Costa Rica Transport

Get in


Juan Santamaría Airport (SJO) is the major international airport, and most visitors choose. SJO is serviced daily by Air Transat (Seasonal) American Airlines, Canjet (Seasonal), Condor, Delta, Frontier Airlines, Iberia, Interjet, JetBlue Airways, Thomas Cook, Spirit Airlines, United, US Airways, Air Canada, Avianca, Taca, Copa Airlines and AirPanama. Visitors from Los Angeles, New York, Houston, Dallas, Miami, Philadelphia, Charlotte, Atlanta, Phoenix, Orlando, Chicago, Newark, Toronto, Montreal, Madrid, Frankfurt, Mexico City, Bogotá, Medellín, Caracas, Lima, Guayaquil, Quito and all Central America can land this airport. Note a USD32 exit fee at the Juan Santamaría Airport must be paid in cash or by Visa. The fee can also be paid in advance at some hotels or Banco Credito Agricola de Cartago and Banco de Costa Rica.

Daniel Oduber Quirós International Airport (LIR) is closest to the Pacific Northwest coast. Connecting the airport with Atlanta, Charlotte, Los Angeles, Chicago, Miami, Houston, Dallas, Minneapolis, Newark, Toronto, Vancouver, Calgary, London, etc.

Tobías Bolaños International Airport primarily serves as the gateway linking to local Costa Rican domestic flights or nearby international destinations of Nicaragua and Panama.


There is an extensive network of bus routes within the country with reasonable fares. The bus system is a safe and fun way to see the country. The line services from the neighbouring countries of Panamá, Nicaragua, Honduras, El Salvador, Mexico and Guatemala.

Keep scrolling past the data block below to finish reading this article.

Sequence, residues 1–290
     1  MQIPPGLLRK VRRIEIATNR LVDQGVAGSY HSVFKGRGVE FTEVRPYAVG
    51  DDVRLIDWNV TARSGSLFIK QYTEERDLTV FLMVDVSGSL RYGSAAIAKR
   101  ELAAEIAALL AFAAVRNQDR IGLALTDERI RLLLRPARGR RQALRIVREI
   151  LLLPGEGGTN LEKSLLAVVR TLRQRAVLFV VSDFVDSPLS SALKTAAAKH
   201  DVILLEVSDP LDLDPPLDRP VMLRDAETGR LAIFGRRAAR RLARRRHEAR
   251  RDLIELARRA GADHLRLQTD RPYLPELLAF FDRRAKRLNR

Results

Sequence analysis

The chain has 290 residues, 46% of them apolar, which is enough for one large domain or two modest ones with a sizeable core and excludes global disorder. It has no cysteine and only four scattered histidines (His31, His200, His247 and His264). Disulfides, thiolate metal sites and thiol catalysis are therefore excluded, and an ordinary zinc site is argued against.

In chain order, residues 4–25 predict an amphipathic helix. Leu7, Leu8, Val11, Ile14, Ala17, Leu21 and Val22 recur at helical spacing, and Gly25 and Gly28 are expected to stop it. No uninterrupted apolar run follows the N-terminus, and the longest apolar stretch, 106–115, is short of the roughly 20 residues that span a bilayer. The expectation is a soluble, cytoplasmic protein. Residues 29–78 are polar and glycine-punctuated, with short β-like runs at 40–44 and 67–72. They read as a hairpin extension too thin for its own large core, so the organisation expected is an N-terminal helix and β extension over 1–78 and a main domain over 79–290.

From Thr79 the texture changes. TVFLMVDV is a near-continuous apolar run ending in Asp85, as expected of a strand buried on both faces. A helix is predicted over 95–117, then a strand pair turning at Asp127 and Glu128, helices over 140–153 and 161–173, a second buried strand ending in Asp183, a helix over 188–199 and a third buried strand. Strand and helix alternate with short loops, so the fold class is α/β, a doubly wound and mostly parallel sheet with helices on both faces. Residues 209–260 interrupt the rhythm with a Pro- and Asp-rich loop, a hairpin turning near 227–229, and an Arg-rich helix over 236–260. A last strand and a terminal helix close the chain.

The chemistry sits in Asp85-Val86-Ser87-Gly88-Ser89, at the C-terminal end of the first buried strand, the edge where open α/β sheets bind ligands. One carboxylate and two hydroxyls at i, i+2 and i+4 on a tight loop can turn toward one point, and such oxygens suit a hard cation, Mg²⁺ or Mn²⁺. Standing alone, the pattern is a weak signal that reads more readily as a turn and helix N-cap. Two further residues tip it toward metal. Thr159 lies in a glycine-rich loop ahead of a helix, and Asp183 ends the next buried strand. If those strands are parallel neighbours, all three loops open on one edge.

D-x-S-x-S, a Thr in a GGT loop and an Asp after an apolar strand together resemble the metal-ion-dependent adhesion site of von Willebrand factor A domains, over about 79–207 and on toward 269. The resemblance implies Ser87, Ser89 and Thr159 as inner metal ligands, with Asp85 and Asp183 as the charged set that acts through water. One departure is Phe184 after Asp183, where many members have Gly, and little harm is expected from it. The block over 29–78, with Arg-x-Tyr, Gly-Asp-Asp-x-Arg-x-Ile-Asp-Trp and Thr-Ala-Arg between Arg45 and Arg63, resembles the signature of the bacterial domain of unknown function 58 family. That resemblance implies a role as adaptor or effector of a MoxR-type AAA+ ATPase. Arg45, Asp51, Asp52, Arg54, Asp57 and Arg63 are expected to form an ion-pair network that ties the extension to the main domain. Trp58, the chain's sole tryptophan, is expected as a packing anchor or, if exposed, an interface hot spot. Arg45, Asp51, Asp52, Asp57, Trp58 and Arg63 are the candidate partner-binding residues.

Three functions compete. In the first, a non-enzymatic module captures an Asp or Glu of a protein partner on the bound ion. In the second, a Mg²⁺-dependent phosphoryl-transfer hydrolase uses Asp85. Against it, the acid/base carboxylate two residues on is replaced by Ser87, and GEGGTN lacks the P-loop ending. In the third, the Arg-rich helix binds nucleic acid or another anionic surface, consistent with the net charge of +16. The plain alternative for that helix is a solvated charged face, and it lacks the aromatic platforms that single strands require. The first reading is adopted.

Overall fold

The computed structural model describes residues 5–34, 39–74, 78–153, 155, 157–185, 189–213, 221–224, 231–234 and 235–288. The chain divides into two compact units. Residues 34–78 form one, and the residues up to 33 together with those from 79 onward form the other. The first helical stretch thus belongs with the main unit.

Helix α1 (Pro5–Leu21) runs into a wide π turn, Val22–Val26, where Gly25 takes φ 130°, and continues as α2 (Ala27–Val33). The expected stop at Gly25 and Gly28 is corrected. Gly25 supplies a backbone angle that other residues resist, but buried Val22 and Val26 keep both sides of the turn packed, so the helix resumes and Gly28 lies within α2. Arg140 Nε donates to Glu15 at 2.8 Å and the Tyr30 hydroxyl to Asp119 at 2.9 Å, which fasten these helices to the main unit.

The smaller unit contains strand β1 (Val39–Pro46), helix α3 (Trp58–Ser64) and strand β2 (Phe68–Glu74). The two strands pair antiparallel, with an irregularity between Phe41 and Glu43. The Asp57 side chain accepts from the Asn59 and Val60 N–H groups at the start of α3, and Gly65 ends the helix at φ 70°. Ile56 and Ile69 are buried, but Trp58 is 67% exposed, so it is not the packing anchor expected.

There is twice daily boat service from Los Chiles to San Carlos, Nicaragua, and usually leave San Carlos at 10:30 and 16:00. Some cruises visit popular National Parks such as Manuel Antonio but also visit remote beaches and coastline not accessible by road, usually for 7-10 day tours.


The Pan-American Highway runs through Costa Rica and is the main entry point by car. Virtually all travel out of the capital (except to the Caribbean side) will involve travelling this road. The border posts are Penas Blancas and Paso Canoas. The highway speed is 80km/h, but when passes through innumerable small towns, the speed usually drops to 50 or even 30km/h in a school zone.

A brand new highway known as Autopista Del Sol (Highway of the Sun) that stretches from the beaches around Orotina all the way into San Jose. Unfortunately, parts of it are sometimes closed for repairs.

Due to the unpredictability of road conditions and lack of safety features, driving at night is highly inadvisable. If you see a tree branch or pole poking out of the middle of a road, that is a "sign" that there is a deep sinkhole, pothole or manhole without a cover. Stay away from it.

Get around


The NatureAir and Sansa are two internal airlines that connect the major tourist towns. Tobías Bolaños International Airport serves domestic flights.


Most major tourist destinations in Costa Rica are serviced by at least two daily buses from and to San José. They cover most towns around the country, but nearly the entire bus system is based on routes in and out of San José and this can add significant travel time. There no reservation system so once you buy a ticket at the station and so get there early to be sure you get your seats.


One great advantage of renting a car is that you can visit many of the secluded beaches and mountain areas. In the airports and big cities, or online is easy to get a rental car. Remember make sure to check the car carefully before you sign off on the damage sheet. Ask them to write down all the minor damages, not just check on the drawing, and keep a copy of this document on you.

Another easy way to get around Costa Rica is to use the services of mini-vans at most of the hotels. The vans are clean and comfortable, and they take you from door to door.